Project GEOLAB and Active Remote Sensing Technology: Norwegian Geotechnical Institutes Application of InSAR in the monitoring of tailing dams

Over the last few decades, the design, monitoring and maintenance of Europe’s Critical Infrastructure has benefited from technological advances in the field of remote sensing, geophysics, and image analyses. Data acquisition methods, processing, and interpretation tools and imaging technologies have evolved considerably.

GEOLAB’s report ‘Remote sensing, geophysics and imaging technology for monitoring and characterisation of geostructures and geomaterials‘ provides overviews of remote sensing, geophysical methods and image analyses which are suitable for monitoring infrastructure and/or ground characterisation. This report focuses on technologies and methods that have been utilised by partners in the GEOLAB consortium. Active remote sensing technologies such as satellite-based radar interferometry (InSAR), Light Detection and Ranging (LiDAR) have been tested and used in the field by GEOLAB consortium partners.

In our upcoming series focusing on the work carried out in GEOLAB’s facilities as part of the report titled ‘Remote sensing, geophysics and imaging technology for monitoring and characterisation of geostructures and geomaterials’, we will explore the work undertaken utilising these technologies by GEOLAB partners, starting with the Norwegian Geotechnical Institute (NGI) and their use of InSAR for monitoring of tailing dams.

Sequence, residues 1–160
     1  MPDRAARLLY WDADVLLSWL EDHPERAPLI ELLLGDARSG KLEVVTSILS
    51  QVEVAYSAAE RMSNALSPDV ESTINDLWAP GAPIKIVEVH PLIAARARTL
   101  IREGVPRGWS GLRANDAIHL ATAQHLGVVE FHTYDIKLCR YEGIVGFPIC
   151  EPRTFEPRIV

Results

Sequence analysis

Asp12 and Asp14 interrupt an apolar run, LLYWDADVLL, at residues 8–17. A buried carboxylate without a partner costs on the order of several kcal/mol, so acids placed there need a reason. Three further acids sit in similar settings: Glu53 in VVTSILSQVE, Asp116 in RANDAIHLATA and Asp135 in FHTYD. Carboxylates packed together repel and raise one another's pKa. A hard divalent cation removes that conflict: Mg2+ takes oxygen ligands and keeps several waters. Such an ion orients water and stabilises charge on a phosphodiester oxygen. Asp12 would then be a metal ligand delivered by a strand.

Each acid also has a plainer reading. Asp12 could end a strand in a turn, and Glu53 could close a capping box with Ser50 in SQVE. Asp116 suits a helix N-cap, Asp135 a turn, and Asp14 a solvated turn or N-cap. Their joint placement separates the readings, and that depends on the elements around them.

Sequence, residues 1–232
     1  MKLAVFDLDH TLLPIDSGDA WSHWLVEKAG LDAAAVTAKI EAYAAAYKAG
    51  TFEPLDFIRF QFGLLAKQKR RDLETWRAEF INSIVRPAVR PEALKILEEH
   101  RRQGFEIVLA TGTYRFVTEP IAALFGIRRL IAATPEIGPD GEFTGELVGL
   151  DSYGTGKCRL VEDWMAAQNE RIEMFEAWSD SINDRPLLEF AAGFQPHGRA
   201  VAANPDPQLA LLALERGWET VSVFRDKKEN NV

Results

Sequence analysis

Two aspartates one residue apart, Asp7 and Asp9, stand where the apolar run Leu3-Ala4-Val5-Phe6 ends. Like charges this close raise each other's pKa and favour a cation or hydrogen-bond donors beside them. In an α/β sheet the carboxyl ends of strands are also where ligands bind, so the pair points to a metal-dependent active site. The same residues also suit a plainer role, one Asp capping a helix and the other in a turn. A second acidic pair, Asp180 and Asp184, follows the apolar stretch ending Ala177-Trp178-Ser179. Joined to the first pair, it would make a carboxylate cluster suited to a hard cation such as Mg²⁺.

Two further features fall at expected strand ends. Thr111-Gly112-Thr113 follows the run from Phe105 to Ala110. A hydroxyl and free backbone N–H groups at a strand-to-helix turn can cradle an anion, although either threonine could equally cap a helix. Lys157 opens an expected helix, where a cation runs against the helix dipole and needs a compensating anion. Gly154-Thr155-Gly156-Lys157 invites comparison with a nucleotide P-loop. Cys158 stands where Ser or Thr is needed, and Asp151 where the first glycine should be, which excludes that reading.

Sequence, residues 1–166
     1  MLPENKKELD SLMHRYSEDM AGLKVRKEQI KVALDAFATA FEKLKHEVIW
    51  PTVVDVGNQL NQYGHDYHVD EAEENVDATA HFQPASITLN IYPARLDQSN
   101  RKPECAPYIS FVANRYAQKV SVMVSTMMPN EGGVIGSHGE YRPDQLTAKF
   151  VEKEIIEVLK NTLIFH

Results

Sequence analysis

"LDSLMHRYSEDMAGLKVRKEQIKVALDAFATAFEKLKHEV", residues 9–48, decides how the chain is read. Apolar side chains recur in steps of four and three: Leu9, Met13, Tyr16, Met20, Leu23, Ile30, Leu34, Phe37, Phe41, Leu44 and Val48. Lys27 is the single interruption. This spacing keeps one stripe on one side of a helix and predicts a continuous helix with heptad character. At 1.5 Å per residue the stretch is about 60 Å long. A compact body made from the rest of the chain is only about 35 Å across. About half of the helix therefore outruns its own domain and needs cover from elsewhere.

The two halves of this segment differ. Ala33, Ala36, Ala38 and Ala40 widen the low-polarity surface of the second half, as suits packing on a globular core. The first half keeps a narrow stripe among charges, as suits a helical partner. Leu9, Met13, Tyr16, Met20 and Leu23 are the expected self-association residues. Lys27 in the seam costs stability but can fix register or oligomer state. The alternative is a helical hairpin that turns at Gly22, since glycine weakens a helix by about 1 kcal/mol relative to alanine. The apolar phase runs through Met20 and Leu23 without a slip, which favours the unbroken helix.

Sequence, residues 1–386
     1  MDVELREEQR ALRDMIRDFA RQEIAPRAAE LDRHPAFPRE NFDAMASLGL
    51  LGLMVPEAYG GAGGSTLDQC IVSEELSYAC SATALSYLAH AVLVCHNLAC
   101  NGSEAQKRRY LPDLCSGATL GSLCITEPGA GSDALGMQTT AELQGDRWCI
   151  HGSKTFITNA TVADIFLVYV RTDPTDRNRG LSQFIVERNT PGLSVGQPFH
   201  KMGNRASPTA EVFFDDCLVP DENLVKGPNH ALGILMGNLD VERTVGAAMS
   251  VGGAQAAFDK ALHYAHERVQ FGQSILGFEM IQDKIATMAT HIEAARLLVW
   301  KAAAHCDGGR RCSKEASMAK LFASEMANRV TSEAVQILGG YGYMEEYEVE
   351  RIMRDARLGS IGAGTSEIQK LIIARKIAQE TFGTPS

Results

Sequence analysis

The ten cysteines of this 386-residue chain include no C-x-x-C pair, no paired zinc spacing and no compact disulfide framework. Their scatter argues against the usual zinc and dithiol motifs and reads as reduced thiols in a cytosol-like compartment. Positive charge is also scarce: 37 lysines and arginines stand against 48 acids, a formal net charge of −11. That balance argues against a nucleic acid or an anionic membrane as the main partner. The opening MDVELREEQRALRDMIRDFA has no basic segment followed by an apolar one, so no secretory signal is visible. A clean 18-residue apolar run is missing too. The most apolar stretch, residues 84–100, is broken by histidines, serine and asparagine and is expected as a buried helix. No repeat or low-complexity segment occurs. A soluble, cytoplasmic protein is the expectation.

Synthetic Aperture Radar (SAR) is a radar imaging system that sends radar waves to the Earth’s surface from a satellite. A continuous band-shaped image is obtained by processing the energy reflected from objects on Earth. The distance between satellite and object can be determined based on the time signature of a signal received by the SAR antenna.

To assess the feasibility of satellite-based radar interferometry (InSAR) for monitoring tailings dams, two case studies were conducted by the NGI. Ground displacements mapped by InSAR were analysed in these cases: the Feijão Mine tailings dam in Brazil and the Zelazny Most tailings dam in Poland.

Two different processing methods, Persistent Scatterers and Small Baseline Subset Algorithm were applied and compared. For both dams, the SBAS method provided better coverage, but the measurements close to the crest of the dam seemed to be adversely affected by the spatial filtering, which “smeared” the high displacement velocities of the beach tailings onto the dam.

For more information you can visit the link to the NGI website and read GEOLAB’s report ‘Remote sensing, geophysics and imaging technology for monitoring and characterisation of geostructures and geomaterials’ by registering on the Knowledge Platform here. 

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